Monday, June 11, 2012

Mrs Robinson's Disgrace by Kate Summerscale

The subtitle of this book reads "The Private Diary of a Victorian Lady". But really, it's like one of those non-fiction historical crime novels - it dissects what actually happened using not only her diary but also the letters, newspapers, etc. What all this leads to is a very interesting narrative on what happened.

Because it's almost impossible to know exactly what happened (even the diary is not explicit), quite a lot of guesswork has to be made. But it all sounds very plausible,

Now that I've got the whole "reliability" thing out of the way, on to the narrative of the book. While it's not a first person narrative, it reads like a crime novel (without the crime). There is (naturally), a lot of emphasis on the titular Mrs Robinson, who is caught between for her feelings for another man, and her husband, who by all accounts sounds like a deeply unpleasant fellow.

The book is split into two parts - what happened before, and the divorce trial. Apparently, the trial was a great sensation because of the diary. It also caused a lot of scandal/trouble among those she knew, because she didn't believe in God but in the powers of science (and at time, one of her teachers was endeavouring the show that they two weren't incompatible).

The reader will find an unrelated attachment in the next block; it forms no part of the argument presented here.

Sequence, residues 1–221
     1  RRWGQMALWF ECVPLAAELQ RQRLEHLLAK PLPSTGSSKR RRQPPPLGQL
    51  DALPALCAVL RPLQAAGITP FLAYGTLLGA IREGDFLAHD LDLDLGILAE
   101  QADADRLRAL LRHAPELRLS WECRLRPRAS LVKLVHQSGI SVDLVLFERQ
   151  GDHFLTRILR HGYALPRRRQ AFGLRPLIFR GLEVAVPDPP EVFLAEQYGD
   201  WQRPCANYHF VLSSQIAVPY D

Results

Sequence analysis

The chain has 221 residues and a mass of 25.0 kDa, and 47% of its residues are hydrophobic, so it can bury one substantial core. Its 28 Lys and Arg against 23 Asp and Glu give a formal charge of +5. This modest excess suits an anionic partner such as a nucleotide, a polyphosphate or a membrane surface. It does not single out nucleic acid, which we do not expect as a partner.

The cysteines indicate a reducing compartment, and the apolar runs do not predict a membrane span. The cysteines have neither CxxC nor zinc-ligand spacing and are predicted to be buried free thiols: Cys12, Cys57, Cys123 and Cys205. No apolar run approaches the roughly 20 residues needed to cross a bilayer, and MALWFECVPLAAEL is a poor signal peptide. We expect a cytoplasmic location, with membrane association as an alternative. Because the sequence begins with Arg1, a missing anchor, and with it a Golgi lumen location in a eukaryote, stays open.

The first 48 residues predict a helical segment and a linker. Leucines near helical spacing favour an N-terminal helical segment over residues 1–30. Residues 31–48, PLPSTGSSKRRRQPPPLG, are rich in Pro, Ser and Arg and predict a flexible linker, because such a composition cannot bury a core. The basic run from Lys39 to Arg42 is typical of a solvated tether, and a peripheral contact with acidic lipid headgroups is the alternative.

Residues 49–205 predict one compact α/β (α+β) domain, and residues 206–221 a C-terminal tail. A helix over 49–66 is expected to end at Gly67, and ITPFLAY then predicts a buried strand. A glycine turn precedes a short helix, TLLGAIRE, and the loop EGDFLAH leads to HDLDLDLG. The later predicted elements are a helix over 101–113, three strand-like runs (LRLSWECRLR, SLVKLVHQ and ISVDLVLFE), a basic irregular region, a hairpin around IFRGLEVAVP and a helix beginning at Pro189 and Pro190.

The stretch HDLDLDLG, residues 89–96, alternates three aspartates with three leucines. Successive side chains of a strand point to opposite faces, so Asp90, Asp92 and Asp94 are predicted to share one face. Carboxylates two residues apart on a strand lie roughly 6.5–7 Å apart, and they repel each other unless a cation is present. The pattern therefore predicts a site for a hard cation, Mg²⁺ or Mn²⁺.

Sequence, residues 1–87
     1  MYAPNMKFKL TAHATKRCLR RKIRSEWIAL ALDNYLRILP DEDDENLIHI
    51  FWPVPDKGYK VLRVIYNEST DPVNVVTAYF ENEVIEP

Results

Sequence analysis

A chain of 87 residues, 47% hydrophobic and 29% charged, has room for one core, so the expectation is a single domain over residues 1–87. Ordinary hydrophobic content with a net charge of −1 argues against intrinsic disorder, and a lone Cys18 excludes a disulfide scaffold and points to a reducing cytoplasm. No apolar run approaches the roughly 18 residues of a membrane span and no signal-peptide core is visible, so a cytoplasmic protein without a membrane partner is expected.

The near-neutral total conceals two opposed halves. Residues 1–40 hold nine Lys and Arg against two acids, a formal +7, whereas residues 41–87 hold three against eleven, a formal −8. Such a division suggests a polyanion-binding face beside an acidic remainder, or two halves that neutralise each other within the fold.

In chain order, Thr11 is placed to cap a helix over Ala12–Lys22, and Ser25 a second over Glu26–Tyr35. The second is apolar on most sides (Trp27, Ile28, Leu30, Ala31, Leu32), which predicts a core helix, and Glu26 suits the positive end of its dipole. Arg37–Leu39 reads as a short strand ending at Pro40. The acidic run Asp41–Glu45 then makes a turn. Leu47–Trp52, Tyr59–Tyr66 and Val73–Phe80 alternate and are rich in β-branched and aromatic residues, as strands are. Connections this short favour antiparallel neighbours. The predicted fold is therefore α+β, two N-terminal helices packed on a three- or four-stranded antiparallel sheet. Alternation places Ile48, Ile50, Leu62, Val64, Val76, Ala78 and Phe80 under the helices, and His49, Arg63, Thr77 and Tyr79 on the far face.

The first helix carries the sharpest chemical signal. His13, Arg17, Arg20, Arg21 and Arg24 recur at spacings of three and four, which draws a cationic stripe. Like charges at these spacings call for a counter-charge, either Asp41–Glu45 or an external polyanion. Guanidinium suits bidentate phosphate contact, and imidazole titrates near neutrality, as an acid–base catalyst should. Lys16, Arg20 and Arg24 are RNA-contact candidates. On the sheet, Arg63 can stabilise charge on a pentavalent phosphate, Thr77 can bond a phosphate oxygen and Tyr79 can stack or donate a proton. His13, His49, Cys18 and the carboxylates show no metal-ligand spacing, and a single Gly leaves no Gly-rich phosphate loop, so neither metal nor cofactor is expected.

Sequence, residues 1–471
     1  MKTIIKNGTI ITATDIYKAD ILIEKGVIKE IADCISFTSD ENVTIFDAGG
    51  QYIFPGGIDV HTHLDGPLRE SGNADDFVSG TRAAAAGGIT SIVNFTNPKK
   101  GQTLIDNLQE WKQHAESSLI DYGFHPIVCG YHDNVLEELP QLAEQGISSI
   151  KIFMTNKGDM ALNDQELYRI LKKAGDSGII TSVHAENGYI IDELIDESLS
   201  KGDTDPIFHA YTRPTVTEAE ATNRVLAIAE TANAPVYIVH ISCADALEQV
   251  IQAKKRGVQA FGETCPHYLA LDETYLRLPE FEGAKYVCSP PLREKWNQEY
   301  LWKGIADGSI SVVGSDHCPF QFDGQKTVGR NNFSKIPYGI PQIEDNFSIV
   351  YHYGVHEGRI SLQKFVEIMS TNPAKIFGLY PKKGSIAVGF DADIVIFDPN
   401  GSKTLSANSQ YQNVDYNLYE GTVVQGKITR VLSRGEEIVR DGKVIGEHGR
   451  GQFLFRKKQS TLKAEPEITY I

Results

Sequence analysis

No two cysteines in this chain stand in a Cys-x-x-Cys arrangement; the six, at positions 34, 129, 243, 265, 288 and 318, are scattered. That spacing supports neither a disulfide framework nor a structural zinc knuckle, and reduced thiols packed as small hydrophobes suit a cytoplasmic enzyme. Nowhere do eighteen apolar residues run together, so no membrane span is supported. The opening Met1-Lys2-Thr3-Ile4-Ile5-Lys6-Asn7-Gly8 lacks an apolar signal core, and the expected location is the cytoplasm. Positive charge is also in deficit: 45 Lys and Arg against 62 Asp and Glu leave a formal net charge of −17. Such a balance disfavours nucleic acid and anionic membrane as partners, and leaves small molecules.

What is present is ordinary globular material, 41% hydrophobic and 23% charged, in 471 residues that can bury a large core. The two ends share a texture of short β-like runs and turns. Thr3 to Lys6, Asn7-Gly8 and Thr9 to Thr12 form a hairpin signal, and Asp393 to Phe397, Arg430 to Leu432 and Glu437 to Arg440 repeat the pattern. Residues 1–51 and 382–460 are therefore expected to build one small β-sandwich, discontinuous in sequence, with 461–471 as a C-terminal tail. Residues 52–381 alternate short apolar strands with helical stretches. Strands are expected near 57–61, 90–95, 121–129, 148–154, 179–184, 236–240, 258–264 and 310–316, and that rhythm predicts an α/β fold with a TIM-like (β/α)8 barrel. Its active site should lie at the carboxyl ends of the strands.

Well, I guess there's not much to say. It's a biography (on a very specific part of her life, even though there is an quick summary of her life before and after) after all, and it's hard to summarise without giving away the plot. But it's a really interesting book, and it provides a look at a very interesting lady.

In fact, I think you should read this book along with "The Women Reader" by Belinda Jack. The Women Reader looks at the history of women reading (and writing), and Mrs Robinson is by all accounts a well-read and talented women writer. So, it makes sense to read her and learn about the history of women reading at the same time (plus, this if you read Mrs Robinson's Disgrace second, you get the benefit of knowing the attitudes towards reading and writing at that time).

Disclaimer: I received a free copy of this book from NetGalley in exchange for a free and honest review.

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